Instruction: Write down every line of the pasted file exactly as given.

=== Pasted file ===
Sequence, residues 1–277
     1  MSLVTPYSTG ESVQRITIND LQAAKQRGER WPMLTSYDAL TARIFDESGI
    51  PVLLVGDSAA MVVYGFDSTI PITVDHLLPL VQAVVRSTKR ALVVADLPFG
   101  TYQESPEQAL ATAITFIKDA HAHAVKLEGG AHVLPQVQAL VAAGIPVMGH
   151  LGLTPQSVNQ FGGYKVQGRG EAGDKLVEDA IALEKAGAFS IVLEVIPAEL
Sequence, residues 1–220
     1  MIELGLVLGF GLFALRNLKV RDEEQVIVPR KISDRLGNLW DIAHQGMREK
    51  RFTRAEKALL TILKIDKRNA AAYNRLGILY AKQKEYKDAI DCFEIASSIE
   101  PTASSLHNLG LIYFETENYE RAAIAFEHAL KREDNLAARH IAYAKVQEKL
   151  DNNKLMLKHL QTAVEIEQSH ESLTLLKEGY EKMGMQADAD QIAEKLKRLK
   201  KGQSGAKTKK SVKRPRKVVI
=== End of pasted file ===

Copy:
Sequence, residues 1–277
     1  MSLVTPYSTG ESVQRITIND LQAAKQRGER WPMLTSYDAL TARIFDESGI
    51  PVLLVGDSAA MVVYGFDSTI PITVDHLLPL VQAVVRSTKR ALVVADLPFG
   101  TYQESPEQAL ATAITFIKDA HAHAVKLEGG AHVLPQVQAL VAAGIPVMGH
   151  LGLTPQSVNQ FGGYKVQGRG EAGDKLVEDA IALEKAGAFS IVLEVIPAEL
Sequence, residues 1–220
     1  MIELGLVLGF GLFALRNLKV RDEEQVIVPR KISDRLGNLW DIAHQGMREK
    51  RFTRAEKALL TILKIDKRNA AAYNRLGILY AKQKEYKDAI DCFEIASSIE
   101  PTASSLHNLG LIYFETENYE RAAIAFEHAL KREDNLAARH IAYAKVQEKL
   151  DNNKLMLKHL QTAVEIEQSH ESLTLLKEGY EKMGMQADAD QIAEKLKRLK
   201  KGQSGAKTKK SVKRPRKVVI